Folk Names: Rowan, Delight of the Eye, Mountain Ash, Quickbane, Ran Tree, Roden-Quicken, Roden-Quicken-Royan, Roynetree, Sorb Apple, Thors Helper, Whitty, Wicken-Tree, Wiggin, Wiggy, Wiky, Wild Ash, Witchbane, Witchen, Witchwood
Powers: Psychic Powers, Healing, Power, Success, Protection
Magical Uses: Rowan wood, carried, increases psychic powers, and the branches are
often used in fashioning dowsing rods and magical wands. Add the leaves and berries
to divination incenses as well as those designed to increase psychic powers.
Carrying rowan berries (or the bark) aids in recuperation, and they are added to
healing and health sachets and mixtures, as well as all power, success, and luck sachets.
For centuries rowan has been used for protective purposes in Europe. Two twigs
tied together with red thread to make a cross is an age-old protective amulet.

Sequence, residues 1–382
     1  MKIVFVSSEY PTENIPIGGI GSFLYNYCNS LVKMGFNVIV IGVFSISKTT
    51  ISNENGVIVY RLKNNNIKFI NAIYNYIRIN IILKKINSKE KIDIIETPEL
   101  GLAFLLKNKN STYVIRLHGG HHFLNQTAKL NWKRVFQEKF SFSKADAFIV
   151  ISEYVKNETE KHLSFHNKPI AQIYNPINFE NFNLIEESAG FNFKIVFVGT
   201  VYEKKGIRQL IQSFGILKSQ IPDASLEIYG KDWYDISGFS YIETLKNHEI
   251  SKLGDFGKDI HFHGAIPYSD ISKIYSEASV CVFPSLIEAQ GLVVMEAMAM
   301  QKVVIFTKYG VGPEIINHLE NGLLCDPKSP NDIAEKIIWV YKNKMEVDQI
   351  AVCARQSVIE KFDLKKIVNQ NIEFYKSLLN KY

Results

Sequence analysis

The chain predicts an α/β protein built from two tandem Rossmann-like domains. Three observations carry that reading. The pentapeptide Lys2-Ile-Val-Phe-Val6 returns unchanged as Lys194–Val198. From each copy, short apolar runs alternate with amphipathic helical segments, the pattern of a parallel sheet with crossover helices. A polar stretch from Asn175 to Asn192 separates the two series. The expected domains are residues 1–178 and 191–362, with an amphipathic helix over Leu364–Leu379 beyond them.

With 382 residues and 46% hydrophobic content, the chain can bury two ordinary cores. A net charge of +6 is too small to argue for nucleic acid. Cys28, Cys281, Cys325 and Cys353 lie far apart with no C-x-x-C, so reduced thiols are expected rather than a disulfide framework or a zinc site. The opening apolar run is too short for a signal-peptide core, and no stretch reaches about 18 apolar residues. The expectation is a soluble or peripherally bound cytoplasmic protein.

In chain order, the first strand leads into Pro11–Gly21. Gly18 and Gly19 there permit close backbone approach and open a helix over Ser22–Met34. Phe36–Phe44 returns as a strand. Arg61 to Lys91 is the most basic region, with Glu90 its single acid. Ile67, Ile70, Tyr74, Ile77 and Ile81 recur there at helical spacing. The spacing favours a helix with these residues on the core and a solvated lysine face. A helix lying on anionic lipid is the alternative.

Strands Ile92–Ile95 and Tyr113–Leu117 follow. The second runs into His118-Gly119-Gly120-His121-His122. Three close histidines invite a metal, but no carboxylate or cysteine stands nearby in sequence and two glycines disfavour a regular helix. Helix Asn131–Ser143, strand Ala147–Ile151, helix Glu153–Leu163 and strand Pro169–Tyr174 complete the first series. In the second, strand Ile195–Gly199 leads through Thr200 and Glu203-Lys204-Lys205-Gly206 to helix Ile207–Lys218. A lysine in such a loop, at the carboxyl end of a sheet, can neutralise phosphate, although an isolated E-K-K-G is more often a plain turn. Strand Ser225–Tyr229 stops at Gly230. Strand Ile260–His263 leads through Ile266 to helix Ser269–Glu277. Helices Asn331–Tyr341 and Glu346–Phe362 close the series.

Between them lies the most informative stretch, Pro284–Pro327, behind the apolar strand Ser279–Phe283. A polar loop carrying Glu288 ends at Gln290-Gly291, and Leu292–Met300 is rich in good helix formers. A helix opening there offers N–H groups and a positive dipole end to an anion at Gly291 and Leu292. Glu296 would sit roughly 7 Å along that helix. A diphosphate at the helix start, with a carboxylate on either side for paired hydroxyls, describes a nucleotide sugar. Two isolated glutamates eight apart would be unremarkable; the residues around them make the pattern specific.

Cornish peasants carried these in their pockets, and Scottish Highlanders inserted
them into the lining of their clothing.
Walking sticks made of rowan wood are excellent tools for the person who roams
woods and fields by night. Rowan carried on board ship will prevent its involvement
in storms; kept in the house it guards against lightning strikes, and when planted
on a grave Rowan keeps the deceased one from haunting the place.
The rowan tree planted near the house protects it and its occupants, and those
rowans growing near stone circles are the most potent.
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